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Published October 2, 2017

“Come With Us”: The Best of Humanity in the Worst of Times

News reports are calling it the worst mass shooting in United States history. I hesitate to say it’s “the worst” because how can you compare death to death, horror to terror? Were the victims at Pulse “less bad” simply because there were a handful fewer casualties? Were Columbine’s 13 innocent high schoolers somehow more important than the 9 lives cut short in the Charleston church shooting?

Perhaps the worst part of this horror is that we now have so many mass shootings to compare with each other that we can start reasonably using terms like “worst” and “not as bad” when it comes to mass death.

But all of that aside, there is no question that the shooting in Las Vegas last night was the most deadly.

And after my gut stopped quaking and the tears slowed down, I began shifting away from the news stations to look at one of the miracles of the modern era: Live video. Filmed by brave–or perhaps simply paralyzed with fear–civilians who were in the midst of the most horrifying experience of their life.

And while I hear the gunshots and the screams, I also hear something else:

People helping each other.

  • I’m here alone. I’m not with my family, the girl holding the camera says to the stranger beside her.

Her camera rolls, showing the uncut, unbiased scene. It shows the reality: One cowardly asshole, known only by the sound of his semi-automatic weapon, locked in his ivory tower, feeling powerful over the cowering masses.

Dozens of frightened people in the camera woman’s immediate vicinity, facing terror and death — working together.

I see several people shielding their loved ones.

I see strangers showing concern for the people around them, even in the face of death.

I see friends forming chains of held hands, dragging each other to safety. Not leaving anyone behind.

I see one, wild young man, standing up in a crouching crowd. His arms are wide, as he yells defiantly, showing no fear. He’s telling the gunman in his ivory tower–his presence, hopefully, distracting the gunman so others can escape: Your terrorism won’t work on me. You won’t make us lose our humanity.

And I hear the frightened, ashamed voice of the girl behind the camera, saying, “I’m not here with my family. I’m here alone. I don’t know what to do.”

And the stranger beside her says, “Come with us. I’m with my son. Come with us.”

“Really?” she asks. You can hear the disbelief.

“Yes. Come with us. Stick together!”

Find the helpers.

I’ve never been in an active shooter situation, and I’m sad we live in a world where I now mentally prepare for a shooter whenever I enter a mall or a movie theater. A world where, as soon as I woke up this morning to find someone’s “Prayers for Vegas” Facebook post, I immediately knew we’d had a terrorist attack or mass shooting. I know I can’t understand the fear or loss for the people who have experienced these events.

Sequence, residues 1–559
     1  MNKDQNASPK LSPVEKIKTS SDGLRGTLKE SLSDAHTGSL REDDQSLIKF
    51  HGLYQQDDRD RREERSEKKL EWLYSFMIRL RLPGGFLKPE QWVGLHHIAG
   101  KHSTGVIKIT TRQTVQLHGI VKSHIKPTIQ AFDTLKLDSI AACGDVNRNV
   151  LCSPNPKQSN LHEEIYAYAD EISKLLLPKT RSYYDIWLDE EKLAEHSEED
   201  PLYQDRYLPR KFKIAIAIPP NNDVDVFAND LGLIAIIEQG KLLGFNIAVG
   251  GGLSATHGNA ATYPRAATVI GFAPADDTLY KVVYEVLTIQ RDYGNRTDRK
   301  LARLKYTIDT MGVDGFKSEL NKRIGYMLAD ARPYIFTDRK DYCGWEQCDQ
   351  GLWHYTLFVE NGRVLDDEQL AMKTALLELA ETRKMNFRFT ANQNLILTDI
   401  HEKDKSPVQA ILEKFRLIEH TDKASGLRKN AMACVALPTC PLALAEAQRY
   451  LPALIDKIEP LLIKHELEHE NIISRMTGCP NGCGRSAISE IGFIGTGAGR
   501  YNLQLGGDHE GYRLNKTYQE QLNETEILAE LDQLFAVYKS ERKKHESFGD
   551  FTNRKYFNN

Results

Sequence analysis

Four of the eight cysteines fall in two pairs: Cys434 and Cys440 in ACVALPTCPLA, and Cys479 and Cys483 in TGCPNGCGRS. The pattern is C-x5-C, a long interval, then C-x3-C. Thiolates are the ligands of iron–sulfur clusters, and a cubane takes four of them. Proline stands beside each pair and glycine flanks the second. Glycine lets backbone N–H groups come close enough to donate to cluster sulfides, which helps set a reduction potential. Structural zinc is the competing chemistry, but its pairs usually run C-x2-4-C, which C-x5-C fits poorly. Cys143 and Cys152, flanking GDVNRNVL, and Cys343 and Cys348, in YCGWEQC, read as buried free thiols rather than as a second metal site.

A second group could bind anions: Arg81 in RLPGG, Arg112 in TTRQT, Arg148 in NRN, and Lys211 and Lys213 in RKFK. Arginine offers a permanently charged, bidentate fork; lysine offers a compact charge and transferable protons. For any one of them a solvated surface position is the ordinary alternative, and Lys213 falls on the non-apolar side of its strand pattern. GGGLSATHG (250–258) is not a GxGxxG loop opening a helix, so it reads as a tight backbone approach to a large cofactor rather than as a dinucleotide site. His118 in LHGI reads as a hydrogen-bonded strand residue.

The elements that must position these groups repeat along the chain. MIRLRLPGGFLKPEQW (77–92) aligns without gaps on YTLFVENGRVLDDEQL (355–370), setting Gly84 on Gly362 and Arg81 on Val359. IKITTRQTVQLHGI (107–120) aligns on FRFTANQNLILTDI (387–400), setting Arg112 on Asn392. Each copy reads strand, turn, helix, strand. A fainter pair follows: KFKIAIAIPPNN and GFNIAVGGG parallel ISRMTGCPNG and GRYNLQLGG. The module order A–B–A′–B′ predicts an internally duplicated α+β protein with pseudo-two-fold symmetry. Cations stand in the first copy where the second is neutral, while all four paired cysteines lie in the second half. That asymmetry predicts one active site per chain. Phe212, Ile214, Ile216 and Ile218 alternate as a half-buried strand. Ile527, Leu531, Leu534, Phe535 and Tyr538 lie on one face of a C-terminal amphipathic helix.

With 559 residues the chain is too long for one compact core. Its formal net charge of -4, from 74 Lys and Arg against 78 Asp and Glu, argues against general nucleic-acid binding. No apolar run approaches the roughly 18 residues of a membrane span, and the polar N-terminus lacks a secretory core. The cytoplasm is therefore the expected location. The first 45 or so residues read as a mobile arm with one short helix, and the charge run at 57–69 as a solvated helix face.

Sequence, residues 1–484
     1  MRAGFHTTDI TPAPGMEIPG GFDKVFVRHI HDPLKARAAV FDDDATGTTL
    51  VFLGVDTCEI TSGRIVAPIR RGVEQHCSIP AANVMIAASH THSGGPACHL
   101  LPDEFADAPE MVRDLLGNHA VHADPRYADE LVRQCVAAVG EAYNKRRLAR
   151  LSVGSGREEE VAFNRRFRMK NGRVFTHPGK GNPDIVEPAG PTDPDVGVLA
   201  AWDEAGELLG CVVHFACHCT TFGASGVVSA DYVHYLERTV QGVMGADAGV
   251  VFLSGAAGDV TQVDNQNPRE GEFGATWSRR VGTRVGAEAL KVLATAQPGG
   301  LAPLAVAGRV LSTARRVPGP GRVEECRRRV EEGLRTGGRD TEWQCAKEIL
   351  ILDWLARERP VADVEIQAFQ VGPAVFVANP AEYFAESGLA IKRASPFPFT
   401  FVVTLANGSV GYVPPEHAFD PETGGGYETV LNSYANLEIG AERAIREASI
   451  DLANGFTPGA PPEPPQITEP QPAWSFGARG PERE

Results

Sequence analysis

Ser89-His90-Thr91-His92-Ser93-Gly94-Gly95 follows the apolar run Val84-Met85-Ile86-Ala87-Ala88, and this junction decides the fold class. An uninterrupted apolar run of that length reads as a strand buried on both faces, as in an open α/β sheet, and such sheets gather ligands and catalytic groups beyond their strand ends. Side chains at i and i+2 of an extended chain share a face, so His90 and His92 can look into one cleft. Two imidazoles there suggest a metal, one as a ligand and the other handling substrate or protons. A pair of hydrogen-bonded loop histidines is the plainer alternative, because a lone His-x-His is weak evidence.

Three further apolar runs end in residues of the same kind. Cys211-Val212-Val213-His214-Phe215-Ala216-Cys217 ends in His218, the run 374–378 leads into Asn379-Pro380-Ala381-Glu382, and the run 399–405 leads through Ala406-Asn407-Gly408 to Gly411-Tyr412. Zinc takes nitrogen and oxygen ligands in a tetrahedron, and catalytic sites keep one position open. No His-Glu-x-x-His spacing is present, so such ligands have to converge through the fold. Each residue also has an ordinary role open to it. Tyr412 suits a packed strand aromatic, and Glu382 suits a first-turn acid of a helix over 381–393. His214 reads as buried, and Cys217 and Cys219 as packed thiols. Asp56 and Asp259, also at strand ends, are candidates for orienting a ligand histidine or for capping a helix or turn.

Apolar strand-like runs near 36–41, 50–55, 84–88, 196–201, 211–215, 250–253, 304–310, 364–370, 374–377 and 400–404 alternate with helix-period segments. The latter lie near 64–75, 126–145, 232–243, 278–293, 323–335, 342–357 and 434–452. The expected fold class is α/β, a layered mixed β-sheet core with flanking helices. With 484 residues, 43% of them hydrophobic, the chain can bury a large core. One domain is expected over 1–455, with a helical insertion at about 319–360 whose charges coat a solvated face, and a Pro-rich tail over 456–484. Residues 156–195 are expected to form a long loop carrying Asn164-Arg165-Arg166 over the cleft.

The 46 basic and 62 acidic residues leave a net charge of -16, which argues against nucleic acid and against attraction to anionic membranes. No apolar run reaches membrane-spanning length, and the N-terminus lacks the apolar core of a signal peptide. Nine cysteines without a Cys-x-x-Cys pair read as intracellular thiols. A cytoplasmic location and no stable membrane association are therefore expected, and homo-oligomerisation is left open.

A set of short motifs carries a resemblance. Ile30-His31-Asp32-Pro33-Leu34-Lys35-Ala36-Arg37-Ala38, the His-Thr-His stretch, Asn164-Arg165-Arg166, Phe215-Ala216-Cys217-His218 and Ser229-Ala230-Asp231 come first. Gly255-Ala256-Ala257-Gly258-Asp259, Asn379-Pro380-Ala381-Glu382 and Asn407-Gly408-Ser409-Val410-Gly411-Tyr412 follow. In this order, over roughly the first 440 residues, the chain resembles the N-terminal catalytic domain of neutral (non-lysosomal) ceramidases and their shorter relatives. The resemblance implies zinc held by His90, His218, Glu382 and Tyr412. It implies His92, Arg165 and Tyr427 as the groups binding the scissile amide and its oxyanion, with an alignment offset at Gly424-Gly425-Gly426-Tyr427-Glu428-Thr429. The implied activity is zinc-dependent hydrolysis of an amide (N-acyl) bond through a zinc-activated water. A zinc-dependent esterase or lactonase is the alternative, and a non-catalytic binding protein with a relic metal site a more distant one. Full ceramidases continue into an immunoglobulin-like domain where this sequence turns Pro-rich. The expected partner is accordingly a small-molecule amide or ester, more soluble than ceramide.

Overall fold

I won’t tell you how you should feel or grieve. But in the wake of tragedy, I personally like to find the heroes and remember that, for every one cowardly terrorist shooting innocent, unarmed people from above, there are dozens of heroes and people proving that humanity is full of heroes and do-gooders. There are dozens of people who stand up, arms wide, shouting, “You may be up there with a gun, but you don’t have the power to take our humanity away.”

There were many heroes in Las Vegas last night. Far more heroes than the one, lonely villain.

There was a woman stopping to carry the wounded in her truck.

There was a man who stayed in the line of fire to hold his friend, who was too injured to move. His friend died in his arms.

“Ordinary people,” writes ABC7, “became paramedics.”

What now?

Many times after a tragedy like this, I feel helpless, as I’m sure many people do. I donate money. I post on Facebook about prayers. I write an article. What can I do? What could I have done, had I even been there?

And it may sound trite, but I always go do a random act of kindness after an event like this. I volunteer at an animal shelter, or help sort donations for kids from low-income homes, or donate toys to a children’s hospital. Or, at the very least, I pay for the car behind me in line at Starbucks and try to put a little bit more good out in the world. It is nothing compared to the bravery showed by the people caught beneath gunfire in Vegas, but I hope it fights back a little against the darkness in the world.

So for the helpers, the heroes, the do-gooders. Thank you. There are many of us, and one of him.

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  • heather

    Heather

  • I sincerely believe that through the power of storytelling, I can make social issues become more than a set of statistics. My expertise is in community leadership, non-profit work, event coordinating, networking, and storytelling. All my articles.

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